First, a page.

night, they weren't prepared for "that experience". In the end, all
that matters is that we got them out safely. "
Then, for the third time in the same week, the team is called upon
again. This time at the Western Regional Hospital in Belmopan.
On friday, November 4th, The Belize Disaster and Rescue Response
Team, The Belize Institute of Tropical & Wilderness Medicine, Search
& Rescue and Ian Anderson's Caves Branch organization were assisting
Western regional Hospital, the Belmopan Police & Fire Departments and
BERT in conducting a mass casualty disaster simulation exercise.
This exercise was to test the readiness of Belmopan area emergency
agencies to manage an event involving more than twenty simultaneous
patients, such as might occur in a bus - vehicle road accident. The
combined efforts of the Institute, DARRT and Ian Anderson provided
technical expertise in design of the exercise, "umpire" supervision
during the simulation and a comprehensive evaluation and
recommendation plan for system performance improvements. About the
scenario, Anderson says: "The purpose of the simulation was to
realize any shortcomings of all these agencies working together in a
cohesive organization. With 25 injured and screaming victims played
by volunteer students from the Belmopan Comprehensive School, 3
gallons of blood and another 15 volunteers who's job it was to make
it tough on the responding organization .. they certainly did learn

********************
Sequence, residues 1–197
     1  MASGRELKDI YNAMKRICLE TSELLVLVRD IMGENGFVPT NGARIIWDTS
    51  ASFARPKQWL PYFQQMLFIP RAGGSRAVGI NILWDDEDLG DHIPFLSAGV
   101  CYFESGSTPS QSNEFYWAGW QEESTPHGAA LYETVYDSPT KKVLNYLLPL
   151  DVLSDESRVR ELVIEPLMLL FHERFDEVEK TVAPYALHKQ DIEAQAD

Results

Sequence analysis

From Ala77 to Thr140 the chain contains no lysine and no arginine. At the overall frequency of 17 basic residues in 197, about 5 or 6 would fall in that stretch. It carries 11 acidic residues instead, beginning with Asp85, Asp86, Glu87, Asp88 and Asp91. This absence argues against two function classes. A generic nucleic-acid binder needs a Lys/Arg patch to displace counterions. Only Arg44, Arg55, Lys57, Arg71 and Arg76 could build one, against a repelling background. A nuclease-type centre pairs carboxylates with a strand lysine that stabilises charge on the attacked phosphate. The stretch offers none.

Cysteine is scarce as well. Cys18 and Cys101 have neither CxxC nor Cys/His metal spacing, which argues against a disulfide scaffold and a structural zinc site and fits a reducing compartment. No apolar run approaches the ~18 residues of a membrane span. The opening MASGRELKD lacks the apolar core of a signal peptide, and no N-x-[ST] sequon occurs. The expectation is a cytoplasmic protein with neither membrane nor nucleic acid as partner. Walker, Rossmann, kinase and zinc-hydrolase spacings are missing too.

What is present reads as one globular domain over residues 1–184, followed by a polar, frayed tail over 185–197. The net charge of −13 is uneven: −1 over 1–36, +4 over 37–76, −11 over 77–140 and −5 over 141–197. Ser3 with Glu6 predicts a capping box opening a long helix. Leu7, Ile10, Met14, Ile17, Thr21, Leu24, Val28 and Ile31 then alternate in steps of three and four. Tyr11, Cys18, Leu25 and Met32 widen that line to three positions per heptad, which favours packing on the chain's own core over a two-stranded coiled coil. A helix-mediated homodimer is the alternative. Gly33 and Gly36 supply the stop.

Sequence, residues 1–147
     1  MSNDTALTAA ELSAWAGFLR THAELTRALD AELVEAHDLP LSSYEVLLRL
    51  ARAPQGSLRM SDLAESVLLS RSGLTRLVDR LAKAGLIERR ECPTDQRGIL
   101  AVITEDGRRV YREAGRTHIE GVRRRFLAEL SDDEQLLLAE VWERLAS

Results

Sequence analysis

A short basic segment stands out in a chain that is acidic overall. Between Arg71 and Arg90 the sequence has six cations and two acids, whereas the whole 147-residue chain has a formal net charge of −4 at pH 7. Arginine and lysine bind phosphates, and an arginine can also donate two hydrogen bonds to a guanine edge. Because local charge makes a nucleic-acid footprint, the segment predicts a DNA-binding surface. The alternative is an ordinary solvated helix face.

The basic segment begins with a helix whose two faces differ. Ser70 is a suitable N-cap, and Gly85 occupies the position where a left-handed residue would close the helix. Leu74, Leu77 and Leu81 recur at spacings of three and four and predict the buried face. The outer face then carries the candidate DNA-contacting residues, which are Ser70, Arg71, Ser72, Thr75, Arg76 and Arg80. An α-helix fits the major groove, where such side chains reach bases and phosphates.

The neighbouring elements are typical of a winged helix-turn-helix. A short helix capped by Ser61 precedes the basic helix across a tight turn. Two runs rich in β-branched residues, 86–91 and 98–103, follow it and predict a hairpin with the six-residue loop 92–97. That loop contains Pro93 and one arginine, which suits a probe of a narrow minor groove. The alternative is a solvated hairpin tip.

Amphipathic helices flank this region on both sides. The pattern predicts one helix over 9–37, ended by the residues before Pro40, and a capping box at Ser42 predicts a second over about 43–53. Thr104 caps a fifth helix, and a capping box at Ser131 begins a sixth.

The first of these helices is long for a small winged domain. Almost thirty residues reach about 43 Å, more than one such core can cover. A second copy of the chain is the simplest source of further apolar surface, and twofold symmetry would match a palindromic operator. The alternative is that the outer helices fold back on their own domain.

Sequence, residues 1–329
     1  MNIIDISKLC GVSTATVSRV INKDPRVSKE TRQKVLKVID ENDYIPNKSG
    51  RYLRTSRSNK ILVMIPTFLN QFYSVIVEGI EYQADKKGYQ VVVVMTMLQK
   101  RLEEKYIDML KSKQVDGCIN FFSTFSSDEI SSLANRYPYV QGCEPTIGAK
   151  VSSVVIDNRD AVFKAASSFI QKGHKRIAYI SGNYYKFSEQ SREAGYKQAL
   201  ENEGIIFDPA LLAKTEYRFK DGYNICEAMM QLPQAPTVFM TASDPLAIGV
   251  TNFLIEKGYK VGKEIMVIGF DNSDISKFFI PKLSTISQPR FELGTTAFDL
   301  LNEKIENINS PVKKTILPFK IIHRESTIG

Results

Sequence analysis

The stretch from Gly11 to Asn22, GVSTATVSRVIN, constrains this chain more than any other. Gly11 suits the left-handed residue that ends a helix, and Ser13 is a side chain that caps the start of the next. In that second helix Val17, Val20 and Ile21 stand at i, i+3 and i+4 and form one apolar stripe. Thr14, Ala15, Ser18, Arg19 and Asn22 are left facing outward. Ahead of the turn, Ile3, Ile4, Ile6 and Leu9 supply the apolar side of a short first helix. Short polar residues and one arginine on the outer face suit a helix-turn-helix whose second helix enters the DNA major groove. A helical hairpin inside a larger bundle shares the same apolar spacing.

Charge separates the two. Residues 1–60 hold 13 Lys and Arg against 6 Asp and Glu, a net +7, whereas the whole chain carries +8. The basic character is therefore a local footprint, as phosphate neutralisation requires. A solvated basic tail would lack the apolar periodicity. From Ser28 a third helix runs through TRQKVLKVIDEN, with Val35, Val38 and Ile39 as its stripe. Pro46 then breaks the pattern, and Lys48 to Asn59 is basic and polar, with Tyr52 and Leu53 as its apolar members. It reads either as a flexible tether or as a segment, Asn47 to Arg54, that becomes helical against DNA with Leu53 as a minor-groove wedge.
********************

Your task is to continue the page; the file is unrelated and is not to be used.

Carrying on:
of any shortcoming very quickly. The simulation was a total success
from that point of view". Ian Andersons organizations will be
providing each agency with a full critique and suggested ongoing
training program to beef up any areas of concern. This training will
be led by the training arm of DARRT, "The Belize Institute of
Tropical / Wilderness Medicine, Search / Rescue".
Ian Anderson of the Caves Branch Jungle Lodge started training
efforts for the first national rescue team over 10 years ago and
along with Bruce Hagen, rescue director, and Dr. Keith Brown, medical
director, have continued to be the sole supporters of this effort
along with the "all volunteer" members of the teams. No government
funding is received. The training wing of the rescue team is the
"Belize Institute of Tropical and Wilderness Medicine, Search and
Rescue" a non profit organization which has provided both medical and
rescue training to not only Belizeans over the past 9 years, but
also to developing rescue teams in Puerto Rico, Costa Rica,
Honduras, Guatemala, The United States and most recently, to the
national armed forces of Greece.
Participants who attend training in Belize have been from 16
different countries from around the world and many have returned for
In addition to the development of Belizes only internationally